Despite her strength, I do not find myself particularly motivated or moved by Etna Bliss while I find the character whom she tries to track down inspiring and endearing.  Even when the going gets tough, Phillip Asher looks for beauty in order to survive the war zone.
‘ Etna is suddenly curious. “What do you do when you’re not driving?”
He sits back and twirls his glass. “ If you mean a pastime, I suppose I’d have to say I look for ….well….beauty. It sounds ridiculous, but you’d be surprised how difficult it is .”
“ It doesn’t sound ridiculous to me at all.”
“ It’s a humble but challenging quest in this place, a bit like a treasure hunt. When I find something, I note it in a small notebook I carry. Keeps me from going mad, I suppose.”
“What have you found?’
He sits back and clears his throat. “I once saw a large flower struggling to poke through the earth. The cracks in the soil caught my attention. I watched the bent stalk pop up as if it were spring-loaded. It was amazing. Let’s see.” He takes a sip of wine. “I saw a beautiful man, an officer.” He pauses, his face somber, perhaps remembering a death. “ A field of snow , lit pink. A tooled navy leather journal a soldier kept inside his uniform. He’d barely made two weeks of entries before he was killed. I once watched a priest take ten years off a man’s simply by calming his nerves. Gunfire is beautiful. If you didn’t know what it signified, you’d think it was beautiful , too.”'

I am not familiar with Anita Shreve’s writings and perhaps this may not be the best book to start.  I somehow cannot fully empathize with the main protagonist in Stella Bain despite the fact that she suffers amnesia after having gone through extraordinary circumstances and is pushed beyond her limits. Anita Shreve is obviously portraying a woman whose courage and noble intentions are intended to be inspiring. While I appreciate that  Etna is definitely a woman struggling to live life on her own terms, due to the complex situation she has landed herself in, I find the character rather contrived.  As a rule, I believe that there is often a lot of truth  in fictions and  fictions can be closer to truth. Despite all the vivid descriptions about the  horror of World War I and the post-trauma stress disorder termed as shell shock that was suffered by many who were involved in the front , I find that the female character, Etna Bliss remains purely fictitious only. Nonetheless the book is absorbing enough to make a compelling read.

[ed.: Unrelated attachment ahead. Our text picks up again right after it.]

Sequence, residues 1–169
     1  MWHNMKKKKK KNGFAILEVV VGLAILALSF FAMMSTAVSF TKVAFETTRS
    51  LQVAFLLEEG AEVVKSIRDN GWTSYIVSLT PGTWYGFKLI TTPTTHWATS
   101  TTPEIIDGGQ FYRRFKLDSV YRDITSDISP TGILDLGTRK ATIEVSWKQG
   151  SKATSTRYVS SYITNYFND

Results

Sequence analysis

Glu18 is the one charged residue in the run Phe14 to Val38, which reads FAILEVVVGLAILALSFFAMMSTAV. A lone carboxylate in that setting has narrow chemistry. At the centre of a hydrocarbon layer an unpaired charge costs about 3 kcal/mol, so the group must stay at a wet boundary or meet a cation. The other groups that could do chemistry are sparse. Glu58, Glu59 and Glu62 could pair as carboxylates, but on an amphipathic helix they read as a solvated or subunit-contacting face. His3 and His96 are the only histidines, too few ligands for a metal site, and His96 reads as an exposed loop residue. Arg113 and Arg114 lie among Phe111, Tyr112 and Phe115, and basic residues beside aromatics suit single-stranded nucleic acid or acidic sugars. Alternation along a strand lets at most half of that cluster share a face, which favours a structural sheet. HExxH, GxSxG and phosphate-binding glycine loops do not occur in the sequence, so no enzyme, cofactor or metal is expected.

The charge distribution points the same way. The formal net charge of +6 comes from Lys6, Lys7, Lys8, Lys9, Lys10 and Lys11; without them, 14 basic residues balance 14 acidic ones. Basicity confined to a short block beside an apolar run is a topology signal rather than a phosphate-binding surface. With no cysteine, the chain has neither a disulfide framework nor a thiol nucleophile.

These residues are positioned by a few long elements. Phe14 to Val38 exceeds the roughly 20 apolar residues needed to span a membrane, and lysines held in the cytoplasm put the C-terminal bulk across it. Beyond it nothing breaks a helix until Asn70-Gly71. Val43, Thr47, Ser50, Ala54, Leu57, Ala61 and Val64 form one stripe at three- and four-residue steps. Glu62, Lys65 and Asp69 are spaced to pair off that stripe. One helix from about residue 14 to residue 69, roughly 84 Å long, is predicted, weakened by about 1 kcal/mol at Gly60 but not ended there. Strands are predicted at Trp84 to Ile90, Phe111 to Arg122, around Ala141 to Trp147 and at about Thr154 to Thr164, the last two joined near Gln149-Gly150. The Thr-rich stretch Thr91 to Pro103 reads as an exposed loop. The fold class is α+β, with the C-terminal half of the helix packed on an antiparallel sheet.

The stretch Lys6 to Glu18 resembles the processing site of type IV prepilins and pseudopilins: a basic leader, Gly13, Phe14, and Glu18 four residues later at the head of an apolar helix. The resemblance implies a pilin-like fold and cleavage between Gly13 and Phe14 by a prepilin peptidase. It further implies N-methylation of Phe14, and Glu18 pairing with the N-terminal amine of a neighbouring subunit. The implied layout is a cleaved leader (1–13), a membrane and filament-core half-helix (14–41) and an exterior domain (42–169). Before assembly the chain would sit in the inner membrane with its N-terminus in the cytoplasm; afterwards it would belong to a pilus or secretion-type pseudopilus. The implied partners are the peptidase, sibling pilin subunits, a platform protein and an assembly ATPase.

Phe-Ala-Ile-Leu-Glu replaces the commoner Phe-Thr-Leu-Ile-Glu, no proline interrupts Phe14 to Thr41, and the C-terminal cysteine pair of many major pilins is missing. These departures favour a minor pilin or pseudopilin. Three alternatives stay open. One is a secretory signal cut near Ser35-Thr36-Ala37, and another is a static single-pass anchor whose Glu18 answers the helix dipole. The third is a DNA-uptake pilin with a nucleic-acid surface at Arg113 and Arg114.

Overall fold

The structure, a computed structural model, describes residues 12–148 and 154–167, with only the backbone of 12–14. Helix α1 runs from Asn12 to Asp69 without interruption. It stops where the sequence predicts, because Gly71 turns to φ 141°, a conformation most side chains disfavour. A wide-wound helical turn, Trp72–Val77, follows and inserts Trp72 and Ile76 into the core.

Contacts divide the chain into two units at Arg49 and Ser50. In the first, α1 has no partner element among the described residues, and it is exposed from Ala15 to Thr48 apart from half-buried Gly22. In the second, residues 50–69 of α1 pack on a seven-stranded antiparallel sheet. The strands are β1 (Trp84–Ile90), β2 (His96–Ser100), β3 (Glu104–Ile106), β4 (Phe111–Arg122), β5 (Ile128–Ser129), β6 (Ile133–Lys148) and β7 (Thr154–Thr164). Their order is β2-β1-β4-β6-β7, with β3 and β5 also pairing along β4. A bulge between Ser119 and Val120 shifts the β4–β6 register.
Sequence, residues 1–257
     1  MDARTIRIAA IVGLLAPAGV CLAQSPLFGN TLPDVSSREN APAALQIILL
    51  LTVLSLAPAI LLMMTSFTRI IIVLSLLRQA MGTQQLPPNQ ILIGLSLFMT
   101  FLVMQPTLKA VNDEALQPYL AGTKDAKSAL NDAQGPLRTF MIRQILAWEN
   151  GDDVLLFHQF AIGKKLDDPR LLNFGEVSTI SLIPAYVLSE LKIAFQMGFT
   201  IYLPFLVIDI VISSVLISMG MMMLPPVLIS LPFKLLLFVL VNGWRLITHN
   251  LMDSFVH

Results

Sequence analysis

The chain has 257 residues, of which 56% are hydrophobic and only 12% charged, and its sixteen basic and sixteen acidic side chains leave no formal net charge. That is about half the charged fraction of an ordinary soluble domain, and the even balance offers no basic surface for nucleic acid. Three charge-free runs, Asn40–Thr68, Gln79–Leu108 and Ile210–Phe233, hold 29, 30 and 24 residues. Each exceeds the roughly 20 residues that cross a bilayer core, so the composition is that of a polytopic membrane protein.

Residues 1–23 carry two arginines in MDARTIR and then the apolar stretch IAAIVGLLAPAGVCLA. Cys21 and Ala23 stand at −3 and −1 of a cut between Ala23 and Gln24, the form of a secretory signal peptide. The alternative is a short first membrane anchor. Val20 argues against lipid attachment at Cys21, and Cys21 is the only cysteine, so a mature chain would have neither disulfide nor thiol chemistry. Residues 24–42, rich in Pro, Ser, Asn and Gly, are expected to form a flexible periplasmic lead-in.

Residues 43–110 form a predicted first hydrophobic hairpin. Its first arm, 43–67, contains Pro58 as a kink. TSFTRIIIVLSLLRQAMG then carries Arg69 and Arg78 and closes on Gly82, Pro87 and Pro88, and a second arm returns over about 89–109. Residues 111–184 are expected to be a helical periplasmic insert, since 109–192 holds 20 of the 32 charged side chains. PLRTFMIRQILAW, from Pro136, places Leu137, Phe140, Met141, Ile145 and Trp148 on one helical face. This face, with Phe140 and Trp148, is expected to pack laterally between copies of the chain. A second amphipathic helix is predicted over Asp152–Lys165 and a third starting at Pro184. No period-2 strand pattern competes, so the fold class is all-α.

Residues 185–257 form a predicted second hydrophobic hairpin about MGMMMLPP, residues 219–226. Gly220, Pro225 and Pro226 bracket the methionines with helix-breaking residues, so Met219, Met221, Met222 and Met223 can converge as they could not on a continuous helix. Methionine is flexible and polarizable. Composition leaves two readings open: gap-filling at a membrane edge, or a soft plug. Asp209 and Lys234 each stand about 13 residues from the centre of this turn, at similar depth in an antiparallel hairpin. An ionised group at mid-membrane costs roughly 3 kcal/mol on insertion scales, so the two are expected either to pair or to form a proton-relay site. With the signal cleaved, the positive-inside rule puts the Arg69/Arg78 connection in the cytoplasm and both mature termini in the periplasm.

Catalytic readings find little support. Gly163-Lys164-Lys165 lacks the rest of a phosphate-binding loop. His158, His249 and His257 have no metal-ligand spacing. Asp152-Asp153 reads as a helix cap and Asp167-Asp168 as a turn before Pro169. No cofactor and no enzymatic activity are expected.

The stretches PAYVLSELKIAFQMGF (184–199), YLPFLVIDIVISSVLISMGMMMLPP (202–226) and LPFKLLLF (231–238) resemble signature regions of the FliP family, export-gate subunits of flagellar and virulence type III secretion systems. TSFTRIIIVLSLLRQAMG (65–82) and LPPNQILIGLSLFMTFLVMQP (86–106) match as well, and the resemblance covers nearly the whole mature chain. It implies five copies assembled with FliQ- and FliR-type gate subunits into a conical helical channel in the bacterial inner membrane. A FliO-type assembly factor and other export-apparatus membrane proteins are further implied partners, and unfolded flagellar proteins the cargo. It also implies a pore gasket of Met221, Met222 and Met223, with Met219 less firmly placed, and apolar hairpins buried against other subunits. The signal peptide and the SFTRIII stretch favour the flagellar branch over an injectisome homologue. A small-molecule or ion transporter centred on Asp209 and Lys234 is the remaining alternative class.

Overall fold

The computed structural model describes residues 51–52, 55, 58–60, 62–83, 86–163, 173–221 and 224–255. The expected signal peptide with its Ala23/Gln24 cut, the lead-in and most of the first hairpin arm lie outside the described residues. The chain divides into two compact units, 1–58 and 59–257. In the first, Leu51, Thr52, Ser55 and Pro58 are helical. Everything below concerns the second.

Saturday, October 11, 2014

It must be?

Casablanca is one of my favourite films and I was glad that it was amongst the films selection on board a long haul flight I had recently taken. There are films that I can watch repeatedly and some of the scenes in these movies still move me despite having watched them again and again.  I would  have found such films less poignant when I was in my teens as I used to believe that the choices are our own and it is within our power to make them for which we must be responsible. As time goes by, I realize that  there are always difficult choices and some things are just not meant to be.